Many great human events carry high doses of suspense. The smooth birth of a new being, the longed-for arrival of a saving rain, the arrival to a new continent or the Moon itself. The suspense that we Chileans are living makes us hold our breath, fear the worst, react violently, lose perspective and good humour easily.
By Gonzalo Perez Benavides
That is how important what is to come is; nothing is guaranteed.
The decisive thing, then, is to raise our perspective. The subterranean emotions that surface in maximum tension today have been dormant for a long, long time. But recently they were finally unleashed, unforeseen and uncontrollable, in the explosive spring of 2019. From morning to night, the apparent placidity of the citizenry turned into an indignant demand for justice and change, for urgent transformation of almost everything public. An outburst of unprecedented intensity, a social earthquake with aftershocks shaking the ground every day.
It was a frightening outburst of violence, with so many victims, and so much destruction of common spaces. But it was also an enthusiastic opening up of new freedoms. Along with the war and the hatred that some still stubbornly maintained, the demonstrations became a carnival. That summer, thousands of Chileans let go of their inhibitions and filled the avenues, lightly clad, making music, dancing, ecology, feminism; much more celebrating the shared joy than persisting in the initial indignation. Chile woke up, was the favourite slogan. This fantastic transformative energy culminated on 8 March, Women’s Day, which was commemorated in every city by millions of Chilean women who were happy to be women, and who did not allow any violence in their celebration.
Then came the pandemic and confinement; we moved into a very different, introspective stage of the process.
Meanwhile, extraordinary things kept happening to us. The threat posed by the gigantic destructive power of the outbreak triggered a miracle: politicians had to agree on a way out of an impossible situation. It was agreed to accommodate social demands by drafting a new constitution. New, new, because the agreement included two novelties that turned out to be world premieres: absolute parity and the inclusion of the original peoples.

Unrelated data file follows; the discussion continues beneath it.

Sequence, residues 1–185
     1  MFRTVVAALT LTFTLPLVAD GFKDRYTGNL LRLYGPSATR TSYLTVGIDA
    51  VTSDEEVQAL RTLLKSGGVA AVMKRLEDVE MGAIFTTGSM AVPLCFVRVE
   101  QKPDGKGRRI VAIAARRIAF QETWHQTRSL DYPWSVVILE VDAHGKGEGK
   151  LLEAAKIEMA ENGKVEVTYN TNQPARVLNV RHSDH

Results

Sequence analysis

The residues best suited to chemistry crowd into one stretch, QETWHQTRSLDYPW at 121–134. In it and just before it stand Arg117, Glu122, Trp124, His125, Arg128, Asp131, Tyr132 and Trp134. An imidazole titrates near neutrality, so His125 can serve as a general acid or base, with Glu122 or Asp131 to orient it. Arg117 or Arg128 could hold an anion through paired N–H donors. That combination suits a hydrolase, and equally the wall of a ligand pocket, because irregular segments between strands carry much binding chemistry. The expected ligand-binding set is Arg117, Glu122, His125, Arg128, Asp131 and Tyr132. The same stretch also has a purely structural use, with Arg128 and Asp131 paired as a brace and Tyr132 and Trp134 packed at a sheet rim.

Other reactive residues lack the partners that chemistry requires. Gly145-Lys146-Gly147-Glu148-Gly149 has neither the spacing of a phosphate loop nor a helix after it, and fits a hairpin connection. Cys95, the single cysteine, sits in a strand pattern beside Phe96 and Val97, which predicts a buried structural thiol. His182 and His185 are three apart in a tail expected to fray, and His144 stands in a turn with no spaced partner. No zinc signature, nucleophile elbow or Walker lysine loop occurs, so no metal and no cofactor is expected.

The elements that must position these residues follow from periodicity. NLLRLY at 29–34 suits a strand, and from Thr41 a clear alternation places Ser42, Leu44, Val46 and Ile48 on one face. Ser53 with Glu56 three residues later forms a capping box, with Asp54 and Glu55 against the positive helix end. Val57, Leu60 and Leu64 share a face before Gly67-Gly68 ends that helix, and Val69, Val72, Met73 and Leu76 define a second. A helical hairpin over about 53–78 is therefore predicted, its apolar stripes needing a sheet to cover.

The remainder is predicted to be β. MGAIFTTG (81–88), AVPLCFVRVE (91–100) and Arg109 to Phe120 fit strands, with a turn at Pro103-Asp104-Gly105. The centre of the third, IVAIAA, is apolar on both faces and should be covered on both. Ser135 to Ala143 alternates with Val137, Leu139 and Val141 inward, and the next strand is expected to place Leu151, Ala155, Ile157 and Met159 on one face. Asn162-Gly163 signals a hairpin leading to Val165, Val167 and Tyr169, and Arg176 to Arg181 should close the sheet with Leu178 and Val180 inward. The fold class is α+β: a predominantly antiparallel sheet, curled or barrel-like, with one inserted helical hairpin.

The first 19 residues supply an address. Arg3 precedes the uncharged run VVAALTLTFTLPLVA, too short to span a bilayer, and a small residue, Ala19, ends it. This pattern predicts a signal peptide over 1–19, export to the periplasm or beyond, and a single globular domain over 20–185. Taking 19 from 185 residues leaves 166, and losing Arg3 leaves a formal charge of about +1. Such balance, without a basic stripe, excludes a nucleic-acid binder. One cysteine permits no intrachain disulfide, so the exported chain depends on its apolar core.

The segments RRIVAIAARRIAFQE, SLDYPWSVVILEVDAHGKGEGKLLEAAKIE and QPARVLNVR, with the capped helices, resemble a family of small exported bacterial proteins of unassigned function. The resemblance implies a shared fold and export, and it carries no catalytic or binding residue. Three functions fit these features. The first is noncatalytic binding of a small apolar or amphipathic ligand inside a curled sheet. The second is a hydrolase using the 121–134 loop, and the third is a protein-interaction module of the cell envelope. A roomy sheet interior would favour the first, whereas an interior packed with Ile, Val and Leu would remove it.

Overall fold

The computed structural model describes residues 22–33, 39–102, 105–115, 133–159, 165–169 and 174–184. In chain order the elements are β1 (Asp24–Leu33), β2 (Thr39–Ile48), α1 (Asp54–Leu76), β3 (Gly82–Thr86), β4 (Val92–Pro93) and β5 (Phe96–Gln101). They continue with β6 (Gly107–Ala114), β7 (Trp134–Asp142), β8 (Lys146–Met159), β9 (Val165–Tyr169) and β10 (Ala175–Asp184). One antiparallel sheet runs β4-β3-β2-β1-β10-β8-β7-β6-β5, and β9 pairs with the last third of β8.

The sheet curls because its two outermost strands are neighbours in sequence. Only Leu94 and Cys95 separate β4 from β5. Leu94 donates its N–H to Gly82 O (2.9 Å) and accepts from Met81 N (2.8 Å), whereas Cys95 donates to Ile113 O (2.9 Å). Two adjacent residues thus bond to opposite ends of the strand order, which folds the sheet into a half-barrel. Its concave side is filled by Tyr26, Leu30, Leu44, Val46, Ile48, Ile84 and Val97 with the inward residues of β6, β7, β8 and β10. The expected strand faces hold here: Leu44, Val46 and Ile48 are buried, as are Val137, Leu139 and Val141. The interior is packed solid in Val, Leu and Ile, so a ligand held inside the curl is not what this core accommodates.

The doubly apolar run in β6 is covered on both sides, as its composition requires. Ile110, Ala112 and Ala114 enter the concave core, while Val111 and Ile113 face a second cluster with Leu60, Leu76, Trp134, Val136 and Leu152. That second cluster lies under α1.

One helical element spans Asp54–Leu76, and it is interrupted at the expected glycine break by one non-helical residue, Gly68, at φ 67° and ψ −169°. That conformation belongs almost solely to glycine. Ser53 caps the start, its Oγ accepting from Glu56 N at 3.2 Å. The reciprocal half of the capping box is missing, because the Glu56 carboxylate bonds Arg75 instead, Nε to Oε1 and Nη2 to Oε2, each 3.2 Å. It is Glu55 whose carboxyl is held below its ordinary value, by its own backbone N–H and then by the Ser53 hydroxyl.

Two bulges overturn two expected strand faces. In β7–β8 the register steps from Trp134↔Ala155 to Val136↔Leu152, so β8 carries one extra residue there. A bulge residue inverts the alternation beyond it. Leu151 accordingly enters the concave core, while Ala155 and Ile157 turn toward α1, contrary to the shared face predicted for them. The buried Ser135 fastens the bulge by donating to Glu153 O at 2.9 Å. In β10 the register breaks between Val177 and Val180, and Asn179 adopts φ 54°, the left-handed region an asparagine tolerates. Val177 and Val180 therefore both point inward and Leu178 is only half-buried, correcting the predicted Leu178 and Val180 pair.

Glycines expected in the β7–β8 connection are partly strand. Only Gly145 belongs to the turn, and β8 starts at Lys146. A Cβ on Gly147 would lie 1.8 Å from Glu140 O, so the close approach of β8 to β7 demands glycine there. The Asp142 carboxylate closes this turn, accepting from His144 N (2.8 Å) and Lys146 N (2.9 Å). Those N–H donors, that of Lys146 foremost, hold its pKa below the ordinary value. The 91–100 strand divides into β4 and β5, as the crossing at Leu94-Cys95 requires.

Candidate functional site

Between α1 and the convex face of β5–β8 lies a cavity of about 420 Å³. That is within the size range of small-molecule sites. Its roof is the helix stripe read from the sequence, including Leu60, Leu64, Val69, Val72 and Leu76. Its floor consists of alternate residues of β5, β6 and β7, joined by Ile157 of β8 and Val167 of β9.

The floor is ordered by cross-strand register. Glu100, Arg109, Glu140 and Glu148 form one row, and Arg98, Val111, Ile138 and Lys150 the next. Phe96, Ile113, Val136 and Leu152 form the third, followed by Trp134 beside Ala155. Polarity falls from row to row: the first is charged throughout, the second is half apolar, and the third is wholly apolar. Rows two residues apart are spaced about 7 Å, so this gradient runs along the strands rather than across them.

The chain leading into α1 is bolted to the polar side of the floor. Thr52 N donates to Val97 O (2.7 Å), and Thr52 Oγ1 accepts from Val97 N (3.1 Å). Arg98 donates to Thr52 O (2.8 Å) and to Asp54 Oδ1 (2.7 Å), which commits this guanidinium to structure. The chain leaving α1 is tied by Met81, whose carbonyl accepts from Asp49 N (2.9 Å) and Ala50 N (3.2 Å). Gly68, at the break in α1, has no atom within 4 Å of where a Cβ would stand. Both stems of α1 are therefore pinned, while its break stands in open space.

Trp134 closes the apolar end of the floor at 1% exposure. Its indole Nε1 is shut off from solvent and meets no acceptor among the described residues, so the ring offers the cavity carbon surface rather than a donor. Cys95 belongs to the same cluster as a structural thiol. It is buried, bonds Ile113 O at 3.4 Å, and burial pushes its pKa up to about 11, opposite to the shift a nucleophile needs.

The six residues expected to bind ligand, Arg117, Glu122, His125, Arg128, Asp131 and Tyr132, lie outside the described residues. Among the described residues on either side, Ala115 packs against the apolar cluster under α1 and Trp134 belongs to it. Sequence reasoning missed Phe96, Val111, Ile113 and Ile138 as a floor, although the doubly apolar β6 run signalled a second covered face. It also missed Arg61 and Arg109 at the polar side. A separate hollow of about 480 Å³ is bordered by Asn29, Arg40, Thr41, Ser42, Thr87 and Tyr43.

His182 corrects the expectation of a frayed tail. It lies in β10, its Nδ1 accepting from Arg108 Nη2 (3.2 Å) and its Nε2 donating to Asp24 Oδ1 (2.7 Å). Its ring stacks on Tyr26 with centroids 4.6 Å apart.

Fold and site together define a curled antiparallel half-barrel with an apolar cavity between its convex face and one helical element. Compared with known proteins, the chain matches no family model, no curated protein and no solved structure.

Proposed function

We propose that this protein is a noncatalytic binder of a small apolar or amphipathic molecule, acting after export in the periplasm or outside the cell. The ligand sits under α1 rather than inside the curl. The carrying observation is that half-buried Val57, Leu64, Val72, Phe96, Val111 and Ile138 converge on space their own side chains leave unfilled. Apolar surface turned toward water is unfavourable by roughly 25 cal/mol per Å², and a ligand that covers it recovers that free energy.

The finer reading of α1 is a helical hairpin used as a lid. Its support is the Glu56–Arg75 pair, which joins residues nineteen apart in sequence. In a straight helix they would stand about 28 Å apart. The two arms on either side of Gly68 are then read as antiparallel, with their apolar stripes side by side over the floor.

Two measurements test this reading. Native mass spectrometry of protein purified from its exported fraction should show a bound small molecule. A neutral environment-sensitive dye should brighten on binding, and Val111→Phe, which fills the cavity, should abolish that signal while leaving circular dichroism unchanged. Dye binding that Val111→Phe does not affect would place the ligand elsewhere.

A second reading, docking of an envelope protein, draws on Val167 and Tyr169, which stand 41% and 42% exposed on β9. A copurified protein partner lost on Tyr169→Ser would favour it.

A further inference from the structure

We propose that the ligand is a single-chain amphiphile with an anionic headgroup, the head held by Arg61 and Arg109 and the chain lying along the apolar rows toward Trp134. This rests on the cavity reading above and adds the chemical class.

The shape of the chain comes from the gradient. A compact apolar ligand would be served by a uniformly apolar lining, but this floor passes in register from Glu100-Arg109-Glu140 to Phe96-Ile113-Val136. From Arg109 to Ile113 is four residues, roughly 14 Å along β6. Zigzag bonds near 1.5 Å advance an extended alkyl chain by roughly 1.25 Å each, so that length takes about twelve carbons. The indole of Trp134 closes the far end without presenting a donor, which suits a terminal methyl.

In the initial plebiscite, 80% of enthusiastic Chileans ratified this decision.
Then came the election of the constituents, which was like a slap in the face of the old powers. Almost no representatives of the traditional political parties were elected. Their already evident corruption and disconnection with the people was rejected out of hand.
Instead, we elected a majority of young professionals from all parts of Chile, transparent young men and women, passionate about serving the common good and helping to build a new country, just, respectful of its land and its people, supportive and happy. Boys and girls of the same formidable generation that is governing us, a generation of destiny to which this decisive mission corresponds.
Every building begins with a blueprint; the constitution is the national blueprint.
Among the constituents were some honourable representatives of my generation, such as Patricia Politzer and Agustín Squella, who also suspended their personal lives for a whole year, giving themselves the exhausting late nights and daily hard times that the historic epic demanded.
That it was hard-fought, it was. Hard fought. There were, as became clear along the way, constituents who were there only to sabotage, armed to the teeth to prevent anything being passed. Others, so extreme in their idealism that they could not practice democracy, which requires permanent agreement, negotiation, flexibility to find consensus. And, outside, sensationalist – or downright bad faith – media and social networks, painting debates and votes as if they were laughable spectacle. One hero of this epic uproar was John Smok, the Convention’s secretary general, not an elected constituent, but an official of the legislative branch who, undaunted, sacrificed his time and his peace of mind to bring order and formality to the feat.
After the first few weeks of pure discourse, declarations of principles and attacks on the other side, the constituents began to take on the transcendental task that had called them together: to draw up the democratic game, to make the ethical guidelines of the future legislation explicit, welcoming social demands.
And they achieved the impossible. From mistrust, they moved step by step towards acceptance of the other, and from there to understanding, harmony and agreement. Almost all the articles were finally voted by majorities of 75%, much more than the required 2/3 (66%). Clearly, a consensus on the common good prevailed in each case. Our freely elected representatives have chosen for us rules of the game that are irrefutably for the good of all, and the result is extraordinary.